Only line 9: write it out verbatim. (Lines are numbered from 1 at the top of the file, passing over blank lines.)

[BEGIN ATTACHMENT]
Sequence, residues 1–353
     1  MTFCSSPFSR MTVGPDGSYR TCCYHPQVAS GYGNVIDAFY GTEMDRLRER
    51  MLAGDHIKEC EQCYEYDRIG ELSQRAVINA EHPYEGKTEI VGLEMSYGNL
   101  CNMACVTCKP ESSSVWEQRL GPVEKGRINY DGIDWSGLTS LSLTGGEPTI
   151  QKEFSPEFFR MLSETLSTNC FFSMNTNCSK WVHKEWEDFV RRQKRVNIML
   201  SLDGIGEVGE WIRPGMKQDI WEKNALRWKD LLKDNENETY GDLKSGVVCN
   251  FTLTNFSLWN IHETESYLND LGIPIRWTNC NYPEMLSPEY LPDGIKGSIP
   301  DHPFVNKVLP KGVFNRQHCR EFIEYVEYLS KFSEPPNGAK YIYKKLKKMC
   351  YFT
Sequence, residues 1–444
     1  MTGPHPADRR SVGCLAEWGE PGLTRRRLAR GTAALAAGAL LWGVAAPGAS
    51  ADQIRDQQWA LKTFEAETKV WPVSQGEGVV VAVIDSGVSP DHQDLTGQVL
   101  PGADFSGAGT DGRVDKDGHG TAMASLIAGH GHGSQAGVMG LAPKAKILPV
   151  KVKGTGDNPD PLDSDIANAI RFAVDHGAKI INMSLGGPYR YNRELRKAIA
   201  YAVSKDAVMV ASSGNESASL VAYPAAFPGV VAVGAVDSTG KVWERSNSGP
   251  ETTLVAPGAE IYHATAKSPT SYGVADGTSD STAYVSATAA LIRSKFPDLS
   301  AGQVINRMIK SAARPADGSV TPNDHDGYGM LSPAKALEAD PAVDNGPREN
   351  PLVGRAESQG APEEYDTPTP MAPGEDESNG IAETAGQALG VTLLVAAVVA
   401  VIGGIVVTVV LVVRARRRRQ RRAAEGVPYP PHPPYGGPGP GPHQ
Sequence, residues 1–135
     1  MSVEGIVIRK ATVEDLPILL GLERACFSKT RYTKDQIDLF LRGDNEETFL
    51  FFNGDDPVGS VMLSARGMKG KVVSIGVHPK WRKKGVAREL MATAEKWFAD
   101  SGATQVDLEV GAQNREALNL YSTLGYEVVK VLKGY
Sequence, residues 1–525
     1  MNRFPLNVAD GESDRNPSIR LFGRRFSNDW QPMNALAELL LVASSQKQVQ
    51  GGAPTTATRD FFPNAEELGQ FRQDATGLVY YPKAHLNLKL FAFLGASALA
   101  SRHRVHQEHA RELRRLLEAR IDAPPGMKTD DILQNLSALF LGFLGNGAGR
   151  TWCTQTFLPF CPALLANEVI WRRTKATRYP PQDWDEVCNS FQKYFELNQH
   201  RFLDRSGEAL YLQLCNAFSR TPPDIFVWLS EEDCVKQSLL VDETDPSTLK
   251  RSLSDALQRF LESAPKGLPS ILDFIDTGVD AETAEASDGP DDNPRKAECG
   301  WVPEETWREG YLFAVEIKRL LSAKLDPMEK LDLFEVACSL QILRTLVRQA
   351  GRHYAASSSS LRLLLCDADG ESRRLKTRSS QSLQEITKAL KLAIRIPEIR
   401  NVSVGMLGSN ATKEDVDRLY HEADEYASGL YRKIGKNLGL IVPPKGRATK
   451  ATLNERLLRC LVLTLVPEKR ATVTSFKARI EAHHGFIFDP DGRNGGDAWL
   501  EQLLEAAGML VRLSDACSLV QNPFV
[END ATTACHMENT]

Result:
   351  YFT